So, you’ve got your university placement and I’m guessing by now you have sat down and worked out your outgoings for the year. If you’re not left with something like £35 a week to live off of, then you are one of the fortunate few. For the rest of us, we have to get a part-time job.
There are loads of part-time jobs available on campus for students: you can search for positions using Queen Mary’s Q-Temps service and/or on the Queen Mary Students’ Union website.
In addition, if you need some support with anything career related, contact Queen Mary’s Careers and Enterprise Centre. They can help you in a variety of ways from helping you to develop your interview skills to assisting you in creating an effective CV.
I moan a ton about working part-time and some days I hate my job but deep down I actually love it. If you’re lucky, you will find a part-time job that won’t feel so much like a chore and you might even expand your social circle at the same time.
Now, these are a few of my top tips to manage working part-time whilst studying:
- Prioritise your studies. This is a given but I’m going to say it again: PRIORITISE YOUR STUDIES! Yes, that assignment might not be due for another two weeks and you could get away with working a few extra shifts. However, the time will fly by and believe me you don’t want to be awake at 3am proofreading an essay you left to the last minute.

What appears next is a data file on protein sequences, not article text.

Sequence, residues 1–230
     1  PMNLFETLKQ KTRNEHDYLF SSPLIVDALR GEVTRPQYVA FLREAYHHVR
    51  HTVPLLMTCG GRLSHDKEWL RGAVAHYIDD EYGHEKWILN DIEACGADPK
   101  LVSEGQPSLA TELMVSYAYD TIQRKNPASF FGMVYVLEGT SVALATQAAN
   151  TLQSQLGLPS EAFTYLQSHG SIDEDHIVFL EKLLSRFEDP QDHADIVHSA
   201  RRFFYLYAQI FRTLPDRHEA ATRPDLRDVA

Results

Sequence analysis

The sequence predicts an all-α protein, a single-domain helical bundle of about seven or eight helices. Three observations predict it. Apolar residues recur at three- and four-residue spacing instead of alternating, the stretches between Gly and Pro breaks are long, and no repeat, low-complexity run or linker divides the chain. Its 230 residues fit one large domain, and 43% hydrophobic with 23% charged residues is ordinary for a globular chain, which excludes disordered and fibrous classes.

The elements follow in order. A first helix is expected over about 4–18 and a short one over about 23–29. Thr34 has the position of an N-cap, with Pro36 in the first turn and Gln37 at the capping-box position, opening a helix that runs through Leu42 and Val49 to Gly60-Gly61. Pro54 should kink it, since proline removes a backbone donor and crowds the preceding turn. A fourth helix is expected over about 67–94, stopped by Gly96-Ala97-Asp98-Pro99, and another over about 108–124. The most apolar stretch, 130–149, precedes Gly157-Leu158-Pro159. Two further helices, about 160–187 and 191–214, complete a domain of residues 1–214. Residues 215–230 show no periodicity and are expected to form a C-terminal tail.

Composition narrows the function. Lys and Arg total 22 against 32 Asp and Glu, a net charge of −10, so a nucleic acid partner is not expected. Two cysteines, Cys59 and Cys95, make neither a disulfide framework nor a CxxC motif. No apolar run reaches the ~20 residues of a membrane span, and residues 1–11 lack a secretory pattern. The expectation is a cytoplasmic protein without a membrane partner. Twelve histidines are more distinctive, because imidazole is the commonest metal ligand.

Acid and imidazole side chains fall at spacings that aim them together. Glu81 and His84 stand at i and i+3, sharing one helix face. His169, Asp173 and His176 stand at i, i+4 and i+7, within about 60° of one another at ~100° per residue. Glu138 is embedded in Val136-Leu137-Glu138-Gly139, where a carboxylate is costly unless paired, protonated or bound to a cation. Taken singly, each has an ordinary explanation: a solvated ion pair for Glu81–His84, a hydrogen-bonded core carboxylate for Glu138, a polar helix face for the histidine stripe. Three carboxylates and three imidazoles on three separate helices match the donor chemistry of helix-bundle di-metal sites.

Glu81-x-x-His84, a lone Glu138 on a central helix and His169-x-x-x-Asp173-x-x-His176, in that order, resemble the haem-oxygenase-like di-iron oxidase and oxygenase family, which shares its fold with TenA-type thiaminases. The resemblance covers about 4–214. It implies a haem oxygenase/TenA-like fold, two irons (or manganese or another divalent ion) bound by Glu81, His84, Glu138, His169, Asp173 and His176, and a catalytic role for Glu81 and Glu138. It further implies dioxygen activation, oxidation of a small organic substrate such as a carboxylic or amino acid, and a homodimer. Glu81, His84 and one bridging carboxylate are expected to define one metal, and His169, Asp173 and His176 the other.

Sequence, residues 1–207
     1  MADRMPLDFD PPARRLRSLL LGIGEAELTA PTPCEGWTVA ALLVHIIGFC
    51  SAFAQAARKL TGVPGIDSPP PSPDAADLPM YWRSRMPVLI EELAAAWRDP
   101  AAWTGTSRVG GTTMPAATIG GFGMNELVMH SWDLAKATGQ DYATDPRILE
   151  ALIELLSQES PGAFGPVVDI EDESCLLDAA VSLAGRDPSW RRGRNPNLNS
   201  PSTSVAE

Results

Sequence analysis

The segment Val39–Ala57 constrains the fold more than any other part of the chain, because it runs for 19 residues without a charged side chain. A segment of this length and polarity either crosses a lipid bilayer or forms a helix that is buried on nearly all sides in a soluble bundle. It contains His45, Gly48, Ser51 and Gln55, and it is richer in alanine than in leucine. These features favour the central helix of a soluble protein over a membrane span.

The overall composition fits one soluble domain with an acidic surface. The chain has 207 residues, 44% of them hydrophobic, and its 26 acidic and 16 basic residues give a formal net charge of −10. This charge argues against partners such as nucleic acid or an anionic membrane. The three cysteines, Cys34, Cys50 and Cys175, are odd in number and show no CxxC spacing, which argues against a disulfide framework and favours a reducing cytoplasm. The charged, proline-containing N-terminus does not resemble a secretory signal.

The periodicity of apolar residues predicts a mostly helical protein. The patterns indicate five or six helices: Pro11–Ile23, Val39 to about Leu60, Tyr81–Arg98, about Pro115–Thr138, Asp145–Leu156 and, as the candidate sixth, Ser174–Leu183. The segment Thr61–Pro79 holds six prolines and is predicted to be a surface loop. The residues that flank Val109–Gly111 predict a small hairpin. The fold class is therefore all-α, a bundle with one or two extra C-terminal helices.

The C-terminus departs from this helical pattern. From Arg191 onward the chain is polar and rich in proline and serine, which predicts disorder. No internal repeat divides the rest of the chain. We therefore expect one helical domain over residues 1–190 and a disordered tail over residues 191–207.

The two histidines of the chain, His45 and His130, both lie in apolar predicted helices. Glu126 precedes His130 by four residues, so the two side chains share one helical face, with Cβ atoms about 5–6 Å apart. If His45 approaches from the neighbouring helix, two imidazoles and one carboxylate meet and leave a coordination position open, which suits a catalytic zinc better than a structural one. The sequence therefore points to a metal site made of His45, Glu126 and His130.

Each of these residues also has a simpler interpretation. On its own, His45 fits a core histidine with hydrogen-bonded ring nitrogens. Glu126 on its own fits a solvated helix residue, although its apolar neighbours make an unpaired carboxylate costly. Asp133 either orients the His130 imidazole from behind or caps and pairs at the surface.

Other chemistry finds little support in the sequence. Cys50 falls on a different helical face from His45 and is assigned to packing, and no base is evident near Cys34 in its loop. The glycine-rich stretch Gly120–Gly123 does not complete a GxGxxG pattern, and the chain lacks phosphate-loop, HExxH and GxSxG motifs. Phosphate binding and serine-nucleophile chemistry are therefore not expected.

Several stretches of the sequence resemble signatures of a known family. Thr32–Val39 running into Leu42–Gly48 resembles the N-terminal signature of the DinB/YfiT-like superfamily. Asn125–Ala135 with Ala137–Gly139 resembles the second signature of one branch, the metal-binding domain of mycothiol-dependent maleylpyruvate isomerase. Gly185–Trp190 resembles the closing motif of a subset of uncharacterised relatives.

- You need to give yourself some time off too. If you can, try and have at least one day a week off. Or even one afternoon if you can’t manage that. In my first year, I worked a ton of hours over reading weeks, the winter holiday and from the beginning of study leave in April until the beginning of September. Sometimes it felt like if I wasn’t at university, I would just be at work. The result, I was constantly exhausted and on occasion made myself ill. It’s nice to earn a bit of extra money to put aside for a rainy day but sometimes the free time is worth so much more than the £30 you will earn.
- Learn how to say NO to overtime. This point is as much for me as it is for you because I’m still completely terrible at turning down extra shifts. Some days I’ve got up at 6am to do a four-hour shift before heading into university for three hours of lectures (the result was that my notes from those lectures were terrible and I’m pretty sure I nodded off in the middle!). I’ve even been talked into coming into work after completing an exam. And the crazy thing is, I pushed myself into working these hours not because I needed the extra money but because I felt bad about saying no. You need to put yourself first, and in reality, your manager probably could have found someone else to cover the shift.
- If you are struggling to cope with your finances, then talk to someone. Whether that be your personal tutor or someone in the careers department, or in advice and counselling, they are here first and foremost to help you adjust and cope with university life, so do make use of these resources.
Bethany Harris (Geography BA, class of 2018)